It was an idea that would quick­ly gain momen­tum. As the word spread about this small project, oth­er ideas would be sug­gest­ed to cre­ate an entire vision. The first of these was to move an old church which the city-owned to the site. Next to be added was a log cab­in built in 1901 and restored by the grand­son of its orig­i­nal own­ers. The one-room school was moved to the site a short time lat­er. With so many ideas for exhibits, space would quick­ly become an issue. For­tu­nate­ly, a local devel­op­er stepped up and offered to donate three acres to the project if the orga­niz­ers agreed to buy one across the street from the orig­i­nal loca­tion.  They did! Short­ly, after that move, anoth­er donor offered up more land allow­ing the park to be six acres.

C. L. Har­mon Pho­to

Now, the park need­ed a cen­ter attrac­tion to go along with the stat­ues and oth­er exhibits. Even­tu­al­ly the trust would acquire Pis­tol Pete’s house. It would take some time though. After his death in 1958, the fam­i­ly had used it as a gift shop. But it had fall­en into dis­re­pair over the years, and the fam­i­ly even­tu­al­ly donat­ed it to the plaza. With the help of an Okla­homa His­tor­i­cal grant, the orga­niz­ers were able to restore the house.

It has been real­ly inter­est­ing how so many things came togeth­er to cre­ate the plaza from the begin­ning,” Sass­er said. He is the chair­man of the trust which oper­ates the plaza and has been on board since the plaza’s incep­tion. Anoth­er exam­ple of how “things came togeth­er” was the Cimar­ron Val­ley Rail­road Muse­um estab­lished by Bob Reed in Cush­ing in 1970. Reed donat­ed an old train depot build­ing and all of the con­tents to the plaza upon his pass­ing. Sass­er explained that Reed’s col­lec­tion is one of the best any­where and makes a great addi­tion to the plaza’s theme of ear­ly Okla­homa ter­ri­to­r­i­al his­to­ry. The exhib­it also includes a 1903 Cana­di­an Pacif­ic car, a caboose and even exec­u­tive coach donat­ed by oth­er fam­i­lies. All of these are open and avail­able for the pub­lic to walk through and expe­ri­ence what trav­el would have been like in those ear­ly days.

The best part about the plaza though is that it’s free. Also, it’s open every day of the year for those who like to walk the grounds and its trails. Although the build­ings and train cars are only open from Memo­r­i­al Day to Labor Day, vis­i­tors are wel­come to peek into the win­dows any­time when they are locked. Dur­ing the sum­mer months, the grounds are oper­at­ed by vol­un­teers who make the build­ings avail­able to vis­i­tors. In addi­tion, the grounds also have a splash pad for chil­dren to enjoy the sum­mer heat and pic­nic pavil­ions for adults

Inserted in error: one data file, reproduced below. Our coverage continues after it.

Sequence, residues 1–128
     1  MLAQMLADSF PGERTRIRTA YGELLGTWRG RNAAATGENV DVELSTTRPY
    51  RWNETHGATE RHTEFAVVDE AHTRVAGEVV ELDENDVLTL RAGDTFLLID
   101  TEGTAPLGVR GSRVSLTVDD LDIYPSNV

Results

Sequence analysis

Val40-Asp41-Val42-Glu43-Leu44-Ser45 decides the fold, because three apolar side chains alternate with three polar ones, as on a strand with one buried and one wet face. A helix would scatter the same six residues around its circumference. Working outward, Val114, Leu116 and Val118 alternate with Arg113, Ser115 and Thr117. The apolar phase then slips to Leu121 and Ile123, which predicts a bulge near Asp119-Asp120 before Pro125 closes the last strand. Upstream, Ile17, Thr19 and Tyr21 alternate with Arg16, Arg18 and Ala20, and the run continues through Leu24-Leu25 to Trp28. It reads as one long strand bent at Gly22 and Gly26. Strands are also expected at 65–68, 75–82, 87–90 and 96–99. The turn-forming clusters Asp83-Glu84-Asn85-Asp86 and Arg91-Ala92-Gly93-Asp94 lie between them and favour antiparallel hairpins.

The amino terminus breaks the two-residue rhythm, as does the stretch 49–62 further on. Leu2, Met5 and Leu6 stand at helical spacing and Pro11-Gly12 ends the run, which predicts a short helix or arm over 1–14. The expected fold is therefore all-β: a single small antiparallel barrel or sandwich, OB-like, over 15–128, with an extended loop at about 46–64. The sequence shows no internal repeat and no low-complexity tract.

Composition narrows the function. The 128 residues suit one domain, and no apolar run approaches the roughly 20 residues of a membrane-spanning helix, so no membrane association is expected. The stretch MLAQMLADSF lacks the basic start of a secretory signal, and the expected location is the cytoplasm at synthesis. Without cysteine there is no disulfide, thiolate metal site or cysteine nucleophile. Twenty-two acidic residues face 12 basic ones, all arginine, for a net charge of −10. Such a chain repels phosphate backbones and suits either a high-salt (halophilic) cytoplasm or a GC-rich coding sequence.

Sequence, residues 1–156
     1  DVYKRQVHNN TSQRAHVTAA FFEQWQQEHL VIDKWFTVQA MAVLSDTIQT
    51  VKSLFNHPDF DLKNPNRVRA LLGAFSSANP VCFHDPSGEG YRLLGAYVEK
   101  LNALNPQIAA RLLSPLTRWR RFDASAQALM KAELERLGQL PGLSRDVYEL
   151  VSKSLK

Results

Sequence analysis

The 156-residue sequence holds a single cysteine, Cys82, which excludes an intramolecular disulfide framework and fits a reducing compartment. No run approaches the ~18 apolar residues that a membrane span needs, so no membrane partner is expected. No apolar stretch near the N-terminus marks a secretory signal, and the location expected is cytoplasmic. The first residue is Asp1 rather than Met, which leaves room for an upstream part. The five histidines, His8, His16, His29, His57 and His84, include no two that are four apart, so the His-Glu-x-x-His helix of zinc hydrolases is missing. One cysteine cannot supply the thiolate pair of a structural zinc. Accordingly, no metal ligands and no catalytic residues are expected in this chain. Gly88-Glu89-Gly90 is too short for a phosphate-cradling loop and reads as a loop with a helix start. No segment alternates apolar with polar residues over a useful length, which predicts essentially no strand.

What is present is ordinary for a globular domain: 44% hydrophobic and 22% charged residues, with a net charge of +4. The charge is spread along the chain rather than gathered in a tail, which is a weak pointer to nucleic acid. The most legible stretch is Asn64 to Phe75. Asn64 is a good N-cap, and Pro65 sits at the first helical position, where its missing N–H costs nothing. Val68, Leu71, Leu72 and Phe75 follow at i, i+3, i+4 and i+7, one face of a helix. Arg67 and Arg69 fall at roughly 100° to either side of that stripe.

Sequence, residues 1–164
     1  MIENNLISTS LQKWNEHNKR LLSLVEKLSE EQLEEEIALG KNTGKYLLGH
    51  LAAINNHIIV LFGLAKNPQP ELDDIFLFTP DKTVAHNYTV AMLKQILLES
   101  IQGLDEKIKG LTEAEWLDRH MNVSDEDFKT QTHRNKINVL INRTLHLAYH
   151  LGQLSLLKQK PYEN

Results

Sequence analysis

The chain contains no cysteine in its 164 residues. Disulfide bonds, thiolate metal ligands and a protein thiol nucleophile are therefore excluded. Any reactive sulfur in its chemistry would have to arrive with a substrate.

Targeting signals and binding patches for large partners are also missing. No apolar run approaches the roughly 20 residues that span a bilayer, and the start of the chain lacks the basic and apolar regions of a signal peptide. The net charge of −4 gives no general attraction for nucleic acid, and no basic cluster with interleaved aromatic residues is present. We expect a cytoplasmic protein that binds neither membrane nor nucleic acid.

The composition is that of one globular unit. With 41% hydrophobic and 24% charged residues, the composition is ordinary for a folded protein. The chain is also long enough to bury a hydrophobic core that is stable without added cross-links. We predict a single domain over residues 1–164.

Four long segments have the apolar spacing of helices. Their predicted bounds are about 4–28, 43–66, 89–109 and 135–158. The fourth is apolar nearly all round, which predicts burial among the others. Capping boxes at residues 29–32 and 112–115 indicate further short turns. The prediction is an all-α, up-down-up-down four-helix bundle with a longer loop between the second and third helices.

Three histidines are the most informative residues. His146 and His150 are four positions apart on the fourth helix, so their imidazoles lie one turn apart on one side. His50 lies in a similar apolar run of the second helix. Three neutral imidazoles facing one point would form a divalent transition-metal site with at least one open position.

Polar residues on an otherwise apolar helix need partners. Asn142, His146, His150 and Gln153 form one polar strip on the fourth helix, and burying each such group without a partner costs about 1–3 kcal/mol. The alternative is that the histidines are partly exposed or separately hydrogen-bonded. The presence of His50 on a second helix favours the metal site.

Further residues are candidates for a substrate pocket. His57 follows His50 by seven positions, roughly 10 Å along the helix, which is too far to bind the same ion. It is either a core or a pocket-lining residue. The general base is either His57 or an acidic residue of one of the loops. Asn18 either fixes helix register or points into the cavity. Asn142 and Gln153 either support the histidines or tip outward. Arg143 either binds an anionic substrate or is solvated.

Pho­tos left and mid­dle are the inside of Pis­tol Pete’s home. Pho­to right is inside the train depot build­ing. C. L. Har­mon Pho­tos

As I men­tioned, this is free. As such, it can be con­sid­ered a gift that out of state trav­el­ers and Okla­homans alike can enjoy. Sass­er explained that $1.5 mil­lion had been donat­ed by locals to help bring this his­tor­i­cal gift to life. He added that each year a fundrais­er is held which rais­es mon­ey to sus­tain the plaza which is held as a munic­i­pal trust. As such, the City of Perkins allo­cates some fund­ing for main­te­nance as it would for any city-oper­at­ed park. Anoth­er source of income for the plaza is through rent­ing out the old church and one of the two only mod­ern build­ings on the premis­es, the com­mu­ni­ty cen­ter, for wed­dings, fam­i­ly reunions, and recep­tions.
Unfor­tu­nate­ly, the plaza has reached its capac­i­ty to bring more exhibits with the com­ple­tion of the oth­er mod­ern build­ing, a small muse­um that hous­es many more arti­facts that were not able to fit into the oth­er exhibits. Sass­er said he hopes it will be open this year.
The plaza is a unique jour­ney through some of the state’s incred­i­ble his­to­ry and life that poured out of that melt­ing pot over the years. While walk­ing about, one can almost feel the days of old…the ones that can­not be expe­ri­enced from the teach­ings in a his­to­ry book. The plaza tru­ly is a gift from the City of Perkins to every­one who wants to see his­to­ry come alive for a few min­utes. It’s a rare find to expe­ri­ence his­to­ry that is not safe­ly pro­tect­ed behind a pane of glass. The ter­ri­to­r­i­al plaza gives one the up close and per­son­al expe­ri­ence; the smells of the old build­ings, the feel of a train seat, the creaks in the floors and the true under­stand­ing of what it must have been like all those years ago in a lit­tle place we like to call home. Let the winds of the plains sweep you into anoth­er time this sum­mer at the Okla­homa Ter­ri­to­r­i­al Plaza.
The plaza is locat­ed at 750 N. Main Street in Perkins, OK. For more infor­ma­tion, call (405) 547‑2777 or vis­it [email protected]